Wilson major shot in Halos' arms department
DALLAS -- C.J. Wilson and the Los Angeles Angels of Anaheim have had the distinct look and feel of a dream fit from the day he became a free agent.
Now, it has become a reality. Wilson agreed to a five-year deal that brings him home to the Pacific Ocean and the palm trees.
Wilson, the ace in 2011 for a Texas outfit that came within one out of a World Series title, is a Southern Californian, born and raised, who knows Orange County roads like the back of his left hand.
Wilson brings quality innings, loads of personality and another plus for the Angels: balance. He's a lefty, and they haven't had one of those they could rely on in the rotation since Joe Saunders was dispatched to Arizona in July 2010, along with three prospects, in exchange for Dan Haren.
Placing Wilson in the middle of manager Mike Scioscia's rotation, Jered Weaver and Haren out front, Ervin Santana and Jerome Williams filling it out, gives the Angels a starting staff as deep and talented as any in the game.
Wilson, who attended high school and junior college within easy commuting distance of Angel Stadium, has had two quality seasons as a starter after launching his Major League career with five seasons in the Texas bullpen.
With the exit of Cliff Lee via free agency after the wild 2010 postseason ride, Wilson assumed the No. 1 role and handled it capably, going 16-7 with a 2.94 ERA in 34 starts. He faltered in the postseason, fighting his command, but a jump in 19 1/3 regular-season innings from 2010 could have been at least partially responsible.
There are sound baseball reasons to believe Wilson can be even better in Angel Stadium, a pitcher's paradise compared to hitter-friendly Rangers Ballpark with its wind tunnel in right-center field.
More runs were scored in Texas than in any other park in the Majors in 2011. Only three parks in the game -- San Diego, Tampa Bay and San Francisco -- produced fewer runs than Angel Stadium, with its thick marine layer knocking down long fly balls.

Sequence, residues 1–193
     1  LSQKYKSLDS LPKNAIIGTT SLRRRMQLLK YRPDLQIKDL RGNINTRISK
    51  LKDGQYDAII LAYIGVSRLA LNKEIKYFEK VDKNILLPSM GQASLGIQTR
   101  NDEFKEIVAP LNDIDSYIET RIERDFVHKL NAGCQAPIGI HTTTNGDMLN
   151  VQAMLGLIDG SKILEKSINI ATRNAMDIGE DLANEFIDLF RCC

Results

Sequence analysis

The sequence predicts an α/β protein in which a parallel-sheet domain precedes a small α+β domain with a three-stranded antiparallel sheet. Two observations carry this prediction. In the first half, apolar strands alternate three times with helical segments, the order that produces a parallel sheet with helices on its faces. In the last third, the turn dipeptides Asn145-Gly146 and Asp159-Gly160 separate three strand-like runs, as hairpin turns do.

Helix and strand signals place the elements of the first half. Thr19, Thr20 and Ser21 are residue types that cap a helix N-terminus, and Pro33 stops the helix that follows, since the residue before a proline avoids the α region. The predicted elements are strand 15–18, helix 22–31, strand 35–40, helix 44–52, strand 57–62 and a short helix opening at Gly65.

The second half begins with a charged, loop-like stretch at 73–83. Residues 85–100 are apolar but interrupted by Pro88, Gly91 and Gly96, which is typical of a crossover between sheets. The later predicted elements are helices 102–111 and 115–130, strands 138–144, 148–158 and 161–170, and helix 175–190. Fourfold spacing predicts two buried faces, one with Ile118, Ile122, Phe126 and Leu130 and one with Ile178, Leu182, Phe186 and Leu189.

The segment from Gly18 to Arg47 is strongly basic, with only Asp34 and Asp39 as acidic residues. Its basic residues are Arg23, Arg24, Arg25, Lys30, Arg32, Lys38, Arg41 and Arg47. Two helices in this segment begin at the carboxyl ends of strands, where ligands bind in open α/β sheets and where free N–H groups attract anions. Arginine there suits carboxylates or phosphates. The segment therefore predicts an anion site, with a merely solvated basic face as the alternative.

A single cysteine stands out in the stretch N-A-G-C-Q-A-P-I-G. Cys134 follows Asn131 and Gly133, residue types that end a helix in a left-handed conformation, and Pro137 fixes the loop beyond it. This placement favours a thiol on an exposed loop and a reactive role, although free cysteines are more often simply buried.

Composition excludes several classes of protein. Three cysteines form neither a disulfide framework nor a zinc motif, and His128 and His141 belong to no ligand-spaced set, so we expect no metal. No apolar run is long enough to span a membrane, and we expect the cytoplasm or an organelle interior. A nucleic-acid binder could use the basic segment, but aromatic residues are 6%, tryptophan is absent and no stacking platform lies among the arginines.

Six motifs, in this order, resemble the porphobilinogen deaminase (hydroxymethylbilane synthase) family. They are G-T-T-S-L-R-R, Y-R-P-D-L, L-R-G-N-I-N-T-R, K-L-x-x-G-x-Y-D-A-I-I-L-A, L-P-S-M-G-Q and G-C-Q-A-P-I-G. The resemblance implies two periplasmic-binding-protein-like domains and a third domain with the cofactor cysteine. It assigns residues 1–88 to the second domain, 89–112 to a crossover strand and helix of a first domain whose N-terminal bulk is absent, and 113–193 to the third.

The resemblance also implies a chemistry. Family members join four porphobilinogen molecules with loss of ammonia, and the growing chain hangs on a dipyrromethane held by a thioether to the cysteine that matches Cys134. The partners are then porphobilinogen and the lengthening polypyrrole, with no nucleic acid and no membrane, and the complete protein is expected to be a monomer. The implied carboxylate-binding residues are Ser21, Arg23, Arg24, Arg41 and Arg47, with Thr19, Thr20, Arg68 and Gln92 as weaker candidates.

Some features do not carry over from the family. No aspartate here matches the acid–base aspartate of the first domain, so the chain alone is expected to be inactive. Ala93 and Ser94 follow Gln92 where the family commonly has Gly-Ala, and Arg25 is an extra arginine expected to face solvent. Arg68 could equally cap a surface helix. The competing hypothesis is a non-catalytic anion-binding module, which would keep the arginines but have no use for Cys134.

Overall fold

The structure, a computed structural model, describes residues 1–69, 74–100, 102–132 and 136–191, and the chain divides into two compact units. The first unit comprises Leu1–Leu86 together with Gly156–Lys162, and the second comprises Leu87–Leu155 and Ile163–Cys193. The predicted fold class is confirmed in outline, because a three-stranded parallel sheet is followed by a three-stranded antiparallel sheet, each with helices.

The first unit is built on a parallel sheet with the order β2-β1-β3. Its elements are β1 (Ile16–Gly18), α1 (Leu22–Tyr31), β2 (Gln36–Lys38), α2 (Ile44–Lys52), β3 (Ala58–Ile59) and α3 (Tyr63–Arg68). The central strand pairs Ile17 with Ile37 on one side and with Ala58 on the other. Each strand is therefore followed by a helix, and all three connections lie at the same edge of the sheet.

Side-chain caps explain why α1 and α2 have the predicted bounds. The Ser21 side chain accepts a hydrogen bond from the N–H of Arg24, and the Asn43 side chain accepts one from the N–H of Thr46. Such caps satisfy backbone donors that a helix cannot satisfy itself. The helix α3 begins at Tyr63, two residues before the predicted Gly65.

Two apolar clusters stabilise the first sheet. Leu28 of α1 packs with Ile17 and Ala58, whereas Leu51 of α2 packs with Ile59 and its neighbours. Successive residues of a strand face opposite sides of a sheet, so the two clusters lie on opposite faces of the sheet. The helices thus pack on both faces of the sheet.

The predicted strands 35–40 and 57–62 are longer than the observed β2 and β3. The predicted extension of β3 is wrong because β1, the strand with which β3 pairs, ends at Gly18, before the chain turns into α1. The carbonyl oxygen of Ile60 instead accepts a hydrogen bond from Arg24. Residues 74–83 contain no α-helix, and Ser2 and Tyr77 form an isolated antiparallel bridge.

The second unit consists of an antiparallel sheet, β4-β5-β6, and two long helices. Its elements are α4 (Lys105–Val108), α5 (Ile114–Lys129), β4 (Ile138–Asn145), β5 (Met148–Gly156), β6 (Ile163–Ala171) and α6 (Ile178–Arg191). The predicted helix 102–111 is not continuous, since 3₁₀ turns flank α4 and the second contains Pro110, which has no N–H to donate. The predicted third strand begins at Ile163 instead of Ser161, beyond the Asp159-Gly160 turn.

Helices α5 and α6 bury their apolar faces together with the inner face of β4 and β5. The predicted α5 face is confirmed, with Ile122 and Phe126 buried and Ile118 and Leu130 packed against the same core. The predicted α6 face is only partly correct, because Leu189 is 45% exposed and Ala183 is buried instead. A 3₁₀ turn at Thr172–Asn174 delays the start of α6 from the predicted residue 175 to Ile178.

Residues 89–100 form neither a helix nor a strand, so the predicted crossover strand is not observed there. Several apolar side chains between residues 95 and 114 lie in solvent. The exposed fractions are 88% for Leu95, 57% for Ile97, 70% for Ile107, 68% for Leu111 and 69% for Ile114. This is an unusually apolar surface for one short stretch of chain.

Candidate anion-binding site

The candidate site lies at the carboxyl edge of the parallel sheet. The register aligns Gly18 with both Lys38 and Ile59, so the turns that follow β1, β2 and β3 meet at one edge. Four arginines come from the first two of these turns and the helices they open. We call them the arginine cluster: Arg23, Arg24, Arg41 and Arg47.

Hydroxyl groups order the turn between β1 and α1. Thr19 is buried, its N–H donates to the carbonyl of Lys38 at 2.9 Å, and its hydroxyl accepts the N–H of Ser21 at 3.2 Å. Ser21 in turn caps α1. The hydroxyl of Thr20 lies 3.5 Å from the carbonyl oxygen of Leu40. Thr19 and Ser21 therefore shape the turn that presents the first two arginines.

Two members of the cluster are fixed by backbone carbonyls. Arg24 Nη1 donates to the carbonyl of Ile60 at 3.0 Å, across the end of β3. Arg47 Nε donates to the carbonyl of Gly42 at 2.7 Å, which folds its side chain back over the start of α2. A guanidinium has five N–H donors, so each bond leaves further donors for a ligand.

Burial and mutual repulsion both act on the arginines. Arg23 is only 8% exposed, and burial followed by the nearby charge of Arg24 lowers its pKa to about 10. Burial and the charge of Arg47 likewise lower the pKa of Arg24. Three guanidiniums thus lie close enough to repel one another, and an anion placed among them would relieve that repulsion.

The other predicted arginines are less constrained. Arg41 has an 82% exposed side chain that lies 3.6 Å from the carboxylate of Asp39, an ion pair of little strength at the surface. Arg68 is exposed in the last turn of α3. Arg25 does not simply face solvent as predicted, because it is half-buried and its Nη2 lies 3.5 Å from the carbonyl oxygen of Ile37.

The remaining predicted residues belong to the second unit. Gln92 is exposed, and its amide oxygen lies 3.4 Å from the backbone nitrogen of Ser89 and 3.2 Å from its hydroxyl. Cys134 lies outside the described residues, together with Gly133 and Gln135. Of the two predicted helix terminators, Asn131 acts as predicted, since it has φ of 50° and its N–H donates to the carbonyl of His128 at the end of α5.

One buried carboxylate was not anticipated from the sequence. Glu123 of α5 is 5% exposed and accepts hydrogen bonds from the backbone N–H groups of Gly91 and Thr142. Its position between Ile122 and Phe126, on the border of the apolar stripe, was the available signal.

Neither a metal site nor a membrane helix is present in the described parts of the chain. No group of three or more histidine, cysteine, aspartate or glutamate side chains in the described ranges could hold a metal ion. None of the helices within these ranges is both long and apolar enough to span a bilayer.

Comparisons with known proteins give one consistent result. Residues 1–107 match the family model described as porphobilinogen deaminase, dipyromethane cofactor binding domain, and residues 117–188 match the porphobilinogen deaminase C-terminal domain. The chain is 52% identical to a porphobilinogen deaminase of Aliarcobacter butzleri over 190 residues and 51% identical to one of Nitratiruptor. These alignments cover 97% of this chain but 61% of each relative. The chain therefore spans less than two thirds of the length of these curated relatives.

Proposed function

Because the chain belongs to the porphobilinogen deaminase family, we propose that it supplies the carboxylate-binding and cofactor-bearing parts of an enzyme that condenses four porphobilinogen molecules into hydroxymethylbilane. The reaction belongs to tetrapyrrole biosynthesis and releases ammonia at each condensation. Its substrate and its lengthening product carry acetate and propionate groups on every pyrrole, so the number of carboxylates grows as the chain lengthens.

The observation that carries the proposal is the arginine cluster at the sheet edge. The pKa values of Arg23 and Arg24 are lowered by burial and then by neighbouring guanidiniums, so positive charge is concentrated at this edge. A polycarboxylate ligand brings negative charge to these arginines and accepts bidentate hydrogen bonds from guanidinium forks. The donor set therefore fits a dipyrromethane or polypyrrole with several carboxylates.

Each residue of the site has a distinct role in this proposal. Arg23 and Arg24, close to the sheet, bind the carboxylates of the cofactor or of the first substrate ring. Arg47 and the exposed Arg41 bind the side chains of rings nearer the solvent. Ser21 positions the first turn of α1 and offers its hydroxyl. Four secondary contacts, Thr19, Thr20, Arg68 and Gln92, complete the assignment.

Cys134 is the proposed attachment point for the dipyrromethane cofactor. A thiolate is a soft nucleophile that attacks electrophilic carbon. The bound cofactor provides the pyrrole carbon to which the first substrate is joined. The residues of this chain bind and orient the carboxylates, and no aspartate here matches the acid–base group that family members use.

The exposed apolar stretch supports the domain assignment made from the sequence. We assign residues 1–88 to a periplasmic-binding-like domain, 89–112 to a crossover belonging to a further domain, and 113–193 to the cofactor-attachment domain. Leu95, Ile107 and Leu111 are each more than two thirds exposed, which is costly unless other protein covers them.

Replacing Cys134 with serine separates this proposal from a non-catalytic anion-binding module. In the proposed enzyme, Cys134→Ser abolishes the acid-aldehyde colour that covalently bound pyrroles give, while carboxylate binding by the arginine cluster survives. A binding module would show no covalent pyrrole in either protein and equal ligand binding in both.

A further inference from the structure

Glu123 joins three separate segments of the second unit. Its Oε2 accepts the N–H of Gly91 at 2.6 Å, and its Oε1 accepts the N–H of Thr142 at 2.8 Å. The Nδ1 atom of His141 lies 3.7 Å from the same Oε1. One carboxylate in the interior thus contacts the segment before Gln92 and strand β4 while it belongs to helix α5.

Another factor making Anaheim unkind to hitters is a superb Angels defense featuring the best outfield in the Majors, according to almost every system of analytics.
The Fielding Bible of the 2012 Bill James Handbook shows Scioscia's outfield saving a total of 38 runs -- three more than the Nationals.
Mixing five pitches effectively to keep hitters off-balance, Wilson has done a remarkable job of keeping the ball in the yard given the conditions in his home park. He yielded a total of 26 homers the past two seasons in 427 1/3 innings.
That number could be even more impressive in his new environment. Some drives to right-center carrying over the wall in Texas will be gathered in stride by center fielder Peter Bourjos or right fielder Torii Hunter. Vernon Wells in left makes all the plays, and all three have strong, accurate arms.
The Angels' infield defense, featuring Rawlings Gold Glove winner Erick Aybar at shortstop and Howard Kendrick at second, also is first-rate. New catcher Chris Iannetta comes highly recommended for his defensive skills and ability to call a game.
Wilson's arrival also serves to take some of the stress off the bullpen, which sagged at times last season under a heavy burden.
Haren (238 1/3), Weaver (235 2/3), Santana (228 2/3) and Wilson (223 1/3) all finished among the top 10 in the AL in innings pitched. And Williams, economical with his ability to pound the strike zone, has shown he can get deep into games as well.
There is nothing Scioscia savors more -- especially now that he's shedding pounds (29) with a healthier diet -- than a rotation spinning on five high-grade wheels.
All winter, when asked how he assesses his club's needs, Scioscia would go against the popular tide calling for offense and talk about pitching, pitching, pitching.
When Jerry Dipoto was introduced as the new Angels general manager, I intercepted Scioscia as he was leaving Angel Stadium and asked if he thought another bat was in order.
"We need pitching," he quickly replied. "One starter, maybe two. You can't have enough starting pitching."
It always has been Scioscia's belief that starting pitching is the foundation of any team. It developed early in his baseball life with the Dodgers, who always seemed to have several youngsters breathing down the necks of five high-performance starters.
"Everything starts with starting pitching," Scioscia likes to say. He feels better than ever about those words today.
Lyle Spencer is a reporter for MLB.com. This story was not subject to the approval of Major League Baseball or its clubs.